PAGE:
Встречи с правозащитниками и правозащитницами из Кыргызстана

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Meetings with Human Rights Defenders in Kyrgyzstan

In May and July 2021, I met with two groups of Human Rights Defenders (HRDs) from Kyrgyzstan: Ainura Osmonalieva, Mohira Suyarkulova, Nadira Masiumova, Bektour Iskender, Altynai Isaeva, Erkina Ubysheva, Ukei Muratalieva, Kamil Ruziev and two other HRDs whose names cannot be disclosed for safety reasons. I heard about their work in defence of the rights of groups including women, children, LGBTQ people, people with disabilities, ethnic minorities, refugees, stateless people, migrants, sex workers, as well as about defending the freedom of expression and peaceful assembly, freedom from torture, investigations of corruption and organised crime, and using strategic litigation to protect human rights.

Starkly, they told me how, despite long-term detentions of Human Rights Defenders being rare, it remained a problem in the country; Azimjan Askarov died while serving a long term sentence just over a year ago, and his case is a reminder of that constant risk for Human Rights Defenders.

The participants raised concerns about a growing level of hostility in the country towards civil society and Human Rights Defenders, especially those working on the most vulnerable groups. I was told how, similar to other countries in the region, many non-governmental organisations (NGOs) are more and more being viewed with suspicion by authorities; sometimes their stances on human rights are labelled as “Western” and harming the “spiritual integrity” of the nation. This is accompanied by ever-increasing attempts to reduce access to foreign funding and introduce burdensome reporting requirements.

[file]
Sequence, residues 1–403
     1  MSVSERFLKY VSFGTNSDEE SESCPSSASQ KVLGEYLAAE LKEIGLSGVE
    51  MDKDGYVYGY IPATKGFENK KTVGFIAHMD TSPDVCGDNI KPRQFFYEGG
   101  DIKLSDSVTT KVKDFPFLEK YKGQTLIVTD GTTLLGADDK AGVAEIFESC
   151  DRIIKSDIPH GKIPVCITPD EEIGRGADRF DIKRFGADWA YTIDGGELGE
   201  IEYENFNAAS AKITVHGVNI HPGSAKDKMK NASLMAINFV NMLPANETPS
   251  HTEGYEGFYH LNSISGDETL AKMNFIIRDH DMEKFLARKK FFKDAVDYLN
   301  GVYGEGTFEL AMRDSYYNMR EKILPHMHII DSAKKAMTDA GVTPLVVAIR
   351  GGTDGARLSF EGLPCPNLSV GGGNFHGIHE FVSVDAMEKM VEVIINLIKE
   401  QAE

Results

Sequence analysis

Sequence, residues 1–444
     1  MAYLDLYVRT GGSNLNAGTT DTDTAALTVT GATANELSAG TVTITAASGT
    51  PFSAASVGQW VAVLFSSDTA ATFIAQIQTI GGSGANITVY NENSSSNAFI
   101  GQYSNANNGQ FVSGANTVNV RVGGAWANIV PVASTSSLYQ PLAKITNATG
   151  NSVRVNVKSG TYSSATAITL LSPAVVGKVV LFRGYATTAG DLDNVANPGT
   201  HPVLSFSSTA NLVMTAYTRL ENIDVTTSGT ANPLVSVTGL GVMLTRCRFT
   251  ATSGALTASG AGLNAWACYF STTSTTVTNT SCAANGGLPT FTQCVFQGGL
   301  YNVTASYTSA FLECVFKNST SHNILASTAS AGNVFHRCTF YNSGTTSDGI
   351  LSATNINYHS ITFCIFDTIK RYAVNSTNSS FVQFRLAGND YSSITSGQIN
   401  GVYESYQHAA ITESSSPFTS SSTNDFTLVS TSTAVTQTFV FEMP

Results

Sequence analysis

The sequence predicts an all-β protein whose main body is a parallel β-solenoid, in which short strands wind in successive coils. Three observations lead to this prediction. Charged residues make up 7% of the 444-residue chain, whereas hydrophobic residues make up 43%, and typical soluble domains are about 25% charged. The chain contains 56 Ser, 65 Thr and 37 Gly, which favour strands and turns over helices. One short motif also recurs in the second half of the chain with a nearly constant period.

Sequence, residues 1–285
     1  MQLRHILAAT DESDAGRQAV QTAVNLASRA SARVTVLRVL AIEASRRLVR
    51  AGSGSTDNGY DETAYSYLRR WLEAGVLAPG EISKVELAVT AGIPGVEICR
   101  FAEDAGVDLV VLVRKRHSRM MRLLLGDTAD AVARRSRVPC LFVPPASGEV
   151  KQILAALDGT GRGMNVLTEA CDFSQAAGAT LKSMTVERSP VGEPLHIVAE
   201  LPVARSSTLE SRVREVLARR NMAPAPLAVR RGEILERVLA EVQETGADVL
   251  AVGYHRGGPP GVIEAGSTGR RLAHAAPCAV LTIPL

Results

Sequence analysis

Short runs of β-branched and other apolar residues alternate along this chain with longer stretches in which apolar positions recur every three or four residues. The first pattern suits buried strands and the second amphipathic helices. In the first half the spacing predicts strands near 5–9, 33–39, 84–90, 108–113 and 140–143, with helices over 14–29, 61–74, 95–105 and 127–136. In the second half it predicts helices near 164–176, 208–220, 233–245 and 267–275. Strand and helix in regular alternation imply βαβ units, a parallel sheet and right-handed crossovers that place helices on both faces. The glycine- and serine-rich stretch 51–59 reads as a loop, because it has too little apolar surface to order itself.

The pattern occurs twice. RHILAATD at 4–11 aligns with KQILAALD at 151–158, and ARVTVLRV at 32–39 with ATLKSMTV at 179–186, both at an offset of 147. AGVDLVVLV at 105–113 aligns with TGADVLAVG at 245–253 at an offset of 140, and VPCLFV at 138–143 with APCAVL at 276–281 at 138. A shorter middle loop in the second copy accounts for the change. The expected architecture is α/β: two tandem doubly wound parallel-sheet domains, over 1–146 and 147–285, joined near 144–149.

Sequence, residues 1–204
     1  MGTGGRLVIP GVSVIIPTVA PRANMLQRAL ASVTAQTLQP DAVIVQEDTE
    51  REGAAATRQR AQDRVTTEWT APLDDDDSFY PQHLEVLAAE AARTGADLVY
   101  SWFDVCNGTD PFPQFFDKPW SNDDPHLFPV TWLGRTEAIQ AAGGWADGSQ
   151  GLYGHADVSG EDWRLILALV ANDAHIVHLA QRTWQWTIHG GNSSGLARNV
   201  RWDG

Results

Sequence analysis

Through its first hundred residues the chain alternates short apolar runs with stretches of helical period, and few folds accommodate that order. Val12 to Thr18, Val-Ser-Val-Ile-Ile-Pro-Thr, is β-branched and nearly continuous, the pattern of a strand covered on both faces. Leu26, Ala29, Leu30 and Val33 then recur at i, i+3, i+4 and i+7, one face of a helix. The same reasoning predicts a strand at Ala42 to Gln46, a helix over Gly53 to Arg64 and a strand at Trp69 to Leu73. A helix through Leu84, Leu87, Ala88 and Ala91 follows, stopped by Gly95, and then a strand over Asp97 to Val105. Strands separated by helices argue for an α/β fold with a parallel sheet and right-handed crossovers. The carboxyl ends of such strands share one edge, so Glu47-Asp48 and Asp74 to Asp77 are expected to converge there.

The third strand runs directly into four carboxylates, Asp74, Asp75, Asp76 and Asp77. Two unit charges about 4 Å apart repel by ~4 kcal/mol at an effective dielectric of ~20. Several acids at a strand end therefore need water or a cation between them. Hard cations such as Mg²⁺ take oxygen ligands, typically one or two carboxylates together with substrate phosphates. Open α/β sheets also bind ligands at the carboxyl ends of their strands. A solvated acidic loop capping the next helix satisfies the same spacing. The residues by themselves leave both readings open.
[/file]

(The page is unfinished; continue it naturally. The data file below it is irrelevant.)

Scapegoated for their legitimate work, the Human Rights Defenders spoke about how they face backlash from local police and right-wing groups. Online and offline threats, including death threats, physical violence, and vandalism are common reactions to human rights campaigns lead by Kyrgyzstan’s civil society. Many of the defenders spoke of personal experiences with burnout and job insecurity.

Some of the Women Human Rights Defenders spoke of how they are targeted through their families. Brothers, husbands and fathers are convinced to pressure WHRDs to stop carrying out their work. As “socially discouraged groups”, LGBTQ and sex worker defenders say that they find it difficult to cooperate with the Government on human rights issues. As is the case globally, radical right-wing groups who commit violence against women and minority groups feel legitimised by hostile government rhetoric.

The defenders in Kyrgyzstan placed themselves firmly in the globalised human rights struggle and have successfully found ways to continue carrying out their work despite the many challenges. They have had some big wins, particularly preventing some restrictive or discriminatory bills from passing through the parliament. I look forward to working on these issues with them in the future.

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